The Ten Best Geek Events in Denver in November
Bub awaits you at the end of November.
Give thanks for being a geek. Even though October's bounty of geek goodness is behind us, November brings a cornucopia of its own, stuffed with much more than just turkey and Mystery Science Theater 3000 reruns. Here, in chronological order, are Denver's ten best geek events in November.
Running of the Leaves 2013
10) Running of the Leaves Con Bronies! Get together with your fellow ponykind at Running of the Leaves Con, the convention for fans of My Little Pony: Friendship is Magic. Sure, it may seem a little weird that so many adult men are super into a cartoon aimed at pre-teen girls but... Okay, but nothing. It is kind of weird. Then again, Trekkies seem weird to people who hate Star Trek. But hey, that doesn't mean they can't have fun getting together to cosplay, attend panels on what it means to love My Little Pony and do other brony activities. And if that's your bag, you can join them!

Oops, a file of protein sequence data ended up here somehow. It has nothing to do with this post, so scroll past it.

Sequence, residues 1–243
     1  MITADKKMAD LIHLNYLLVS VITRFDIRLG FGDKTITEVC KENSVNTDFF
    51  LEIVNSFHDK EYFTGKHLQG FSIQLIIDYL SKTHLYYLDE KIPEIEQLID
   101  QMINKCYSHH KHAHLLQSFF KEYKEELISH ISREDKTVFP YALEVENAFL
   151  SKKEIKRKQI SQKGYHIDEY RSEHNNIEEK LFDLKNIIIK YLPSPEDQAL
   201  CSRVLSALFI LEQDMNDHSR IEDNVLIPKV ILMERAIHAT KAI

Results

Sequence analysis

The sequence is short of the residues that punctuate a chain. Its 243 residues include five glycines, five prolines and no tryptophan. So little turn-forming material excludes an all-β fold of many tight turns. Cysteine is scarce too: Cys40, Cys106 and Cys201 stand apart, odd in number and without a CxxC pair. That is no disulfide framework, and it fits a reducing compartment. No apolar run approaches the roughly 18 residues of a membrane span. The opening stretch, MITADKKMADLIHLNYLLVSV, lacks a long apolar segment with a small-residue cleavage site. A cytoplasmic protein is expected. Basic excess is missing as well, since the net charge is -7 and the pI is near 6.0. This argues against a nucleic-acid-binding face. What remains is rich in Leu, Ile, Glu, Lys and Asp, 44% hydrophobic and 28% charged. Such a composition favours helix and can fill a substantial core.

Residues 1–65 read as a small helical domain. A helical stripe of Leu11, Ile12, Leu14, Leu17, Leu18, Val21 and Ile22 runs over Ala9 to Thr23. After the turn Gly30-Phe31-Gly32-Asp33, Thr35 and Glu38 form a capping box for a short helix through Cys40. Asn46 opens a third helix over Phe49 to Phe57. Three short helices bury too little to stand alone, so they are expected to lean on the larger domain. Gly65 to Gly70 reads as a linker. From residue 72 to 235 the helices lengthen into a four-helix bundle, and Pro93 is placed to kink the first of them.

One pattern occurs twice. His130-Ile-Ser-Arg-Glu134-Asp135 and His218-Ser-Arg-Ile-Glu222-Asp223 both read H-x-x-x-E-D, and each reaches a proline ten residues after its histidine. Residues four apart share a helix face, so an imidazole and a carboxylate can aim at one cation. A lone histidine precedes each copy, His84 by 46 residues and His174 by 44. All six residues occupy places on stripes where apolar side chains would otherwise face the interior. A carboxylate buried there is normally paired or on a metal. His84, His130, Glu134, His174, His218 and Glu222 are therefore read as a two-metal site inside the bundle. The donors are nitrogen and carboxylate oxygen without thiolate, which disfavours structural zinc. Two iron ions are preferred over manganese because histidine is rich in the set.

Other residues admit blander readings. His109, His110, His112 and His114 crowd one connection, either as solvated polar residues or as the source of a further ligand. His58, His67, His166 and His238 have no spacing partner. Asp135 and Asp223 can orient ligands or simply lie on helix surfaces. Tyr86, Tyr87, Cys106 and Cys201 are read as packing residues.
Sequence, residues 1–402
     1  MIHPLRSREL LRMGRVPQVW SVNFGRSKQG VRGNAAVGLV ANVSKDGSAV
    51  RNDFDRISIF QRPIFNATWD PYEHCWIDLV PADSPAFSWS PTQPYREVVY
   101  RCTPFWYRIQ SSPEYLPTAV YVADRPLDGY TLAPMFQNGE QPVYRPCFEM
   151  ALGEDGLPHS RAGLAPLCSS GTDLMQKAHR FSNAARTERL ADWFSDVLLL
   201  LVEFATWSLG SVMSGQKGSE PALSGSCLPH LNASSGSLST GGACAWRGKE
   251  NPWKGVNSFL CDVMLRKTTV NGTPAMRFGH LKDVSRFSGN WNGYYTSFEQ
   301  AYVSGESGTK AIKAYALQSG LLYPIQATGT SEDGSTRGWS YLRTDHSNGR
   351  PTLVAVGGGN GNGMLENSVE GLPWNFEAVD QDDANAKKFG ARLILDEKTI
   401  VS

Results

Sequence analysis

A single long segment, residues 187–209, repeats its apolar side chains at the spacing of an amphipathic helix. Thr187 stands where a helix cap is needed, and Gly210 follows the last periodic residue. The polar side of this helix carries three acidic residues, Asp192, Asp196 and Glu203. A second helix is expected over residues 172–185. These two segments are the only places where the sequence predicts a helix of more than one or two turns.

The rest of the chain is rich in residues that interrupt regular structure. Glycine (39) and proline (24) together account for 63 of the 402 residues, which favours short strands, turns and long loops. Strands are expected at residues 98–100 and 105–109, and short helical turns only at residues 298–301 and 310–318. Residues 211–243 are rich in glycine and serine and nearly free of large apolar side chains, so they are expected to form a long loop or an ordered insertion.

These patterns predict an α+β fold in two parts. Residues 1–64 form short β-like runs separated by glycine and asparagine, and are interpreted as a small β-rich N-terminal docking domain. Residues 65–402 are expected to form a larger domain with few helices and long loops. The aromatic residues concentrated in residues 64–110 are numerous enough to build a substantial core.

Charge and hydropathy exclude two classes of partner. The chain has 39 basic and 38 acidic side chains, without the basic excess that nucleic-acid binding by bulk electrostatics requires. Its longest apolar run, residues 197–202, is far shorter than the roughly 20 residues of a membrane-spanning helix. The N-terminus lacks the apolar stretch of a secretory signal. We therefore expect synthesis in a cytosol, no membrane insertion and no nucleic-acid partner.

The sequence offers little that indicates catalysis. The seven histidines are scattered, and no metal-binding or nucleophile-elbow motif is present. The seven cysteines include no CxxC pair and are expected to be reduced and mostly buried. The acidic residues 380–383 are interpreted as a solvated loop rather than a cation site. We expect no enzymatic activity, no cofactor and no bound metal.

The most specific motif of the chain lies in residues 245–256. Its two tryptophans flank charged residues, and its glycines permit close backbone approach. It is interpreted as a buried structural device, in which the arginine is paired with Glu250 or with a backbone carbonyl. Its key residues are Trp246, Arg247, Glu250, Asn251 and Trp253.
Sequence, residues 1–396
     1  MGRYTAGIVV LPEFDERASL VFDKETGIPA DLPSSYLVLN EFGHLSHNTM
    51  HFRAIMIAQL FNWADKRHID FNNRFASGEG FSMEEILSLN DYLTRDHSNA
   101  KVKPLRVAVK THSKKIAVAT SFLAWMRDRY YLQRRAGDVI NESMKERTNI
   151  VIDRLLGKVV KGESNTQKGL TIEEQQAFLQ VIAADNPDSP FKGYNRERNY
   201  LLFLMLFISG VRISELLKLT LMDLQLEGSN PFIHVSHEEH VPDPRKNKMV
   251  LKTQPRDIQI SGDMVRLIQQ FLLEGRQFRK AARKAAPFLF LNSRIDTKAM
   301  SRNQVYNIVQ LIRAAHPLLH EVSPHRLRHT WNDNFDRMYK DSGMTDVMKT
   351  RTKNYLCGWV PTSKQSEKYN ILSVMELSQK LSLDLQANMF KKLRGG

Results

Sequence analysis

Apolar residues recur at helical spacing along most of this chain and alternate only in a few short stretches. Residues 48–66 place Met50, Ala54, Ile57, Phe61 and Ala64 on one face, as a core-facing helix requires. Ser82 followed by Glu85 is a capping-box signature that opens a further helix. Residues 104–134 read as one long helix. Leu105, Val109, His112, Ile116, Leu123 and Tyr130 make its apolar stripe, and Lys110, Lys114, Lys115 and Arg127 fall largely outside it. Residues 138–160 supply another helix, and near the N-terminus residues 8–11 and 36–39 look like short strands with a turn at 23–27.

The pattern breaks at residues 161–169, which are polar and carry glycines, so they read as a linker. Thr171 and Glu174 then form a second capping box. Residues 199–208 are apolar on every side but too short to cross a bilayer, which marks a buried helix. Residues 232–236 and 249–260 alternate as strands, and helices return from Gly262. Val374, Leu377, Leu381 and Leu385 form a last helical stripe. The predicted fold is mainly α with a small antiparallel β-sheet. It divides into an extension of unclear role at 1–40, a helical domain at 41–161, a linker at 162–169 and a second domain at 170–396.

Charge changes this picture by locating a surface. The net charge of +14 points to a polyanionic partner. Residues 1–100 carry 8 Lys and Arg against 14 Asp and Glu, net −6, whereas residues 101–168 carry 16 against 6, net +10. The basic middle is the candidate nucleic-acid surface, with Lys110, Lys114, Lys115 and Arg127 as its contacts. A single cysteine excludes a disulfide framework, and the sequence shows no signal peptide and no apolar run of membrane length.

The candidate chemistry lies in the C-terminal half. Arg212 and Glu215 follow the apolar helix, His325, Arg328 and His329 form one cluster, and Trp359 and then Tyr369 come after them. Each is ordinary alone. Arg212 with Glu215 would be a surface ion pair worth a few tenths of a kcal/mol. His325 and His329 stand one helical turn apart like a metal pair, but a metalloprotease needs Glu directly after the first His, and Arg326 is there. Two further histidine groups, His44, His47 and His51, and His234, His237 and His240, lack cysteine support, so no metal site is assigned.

Just in time to salve your disappointment that Halloween is over comes this classic cautionary tale about trying to renovate a hotel built over one of the seven entrances to hell. Also known asThe Beyond
Stand Up! the Workshop - Comedy Showcase
TicketsTue., Jan. 31, 7:00pm
TicketsThu., Feb. 2, 7:30pm
These Jokes Are for You (W/ Denver Comedy Champion Nathan Lund)
TicketsThu., Feb. 2, 8:00pm
Future Faces of Funny
TicketsWed., Feb. 8, 7:30pm
TicketsThu., Feb. 9, 7:30pm
, this is one of Lucio Fulci's insane masterpieces -- hallucinatory, disturbing and full of great kill scenes. Admittedly, the cut shown here is the inferior edit, but it's still a rare chance to see the film on 35mm in a theater.
See The Seven Doors of Death at 10 p.m. Saturday, November 1 at the Sie FilmCenter. Tickets are $10, or $7 for Denver Film Society members. For tickets and info, visit The Seven Doors of Death event page of the DFS website.
8) William Gibson: The Peripheral William Gibson is one of a handful of living, working science fiction authors who can accurately be described as a legend. His early works defined the influential cyberpunk genre; his later works seemed to be predicting the future ten minutes before it happened. His latest, The Peripheral, starts as a murder mystery set in the near future before evolving into something far stranger. It's classic Gibson through and through, and a must-read for anyone who cares to peer into the terrifying possibilities of our immediate future.
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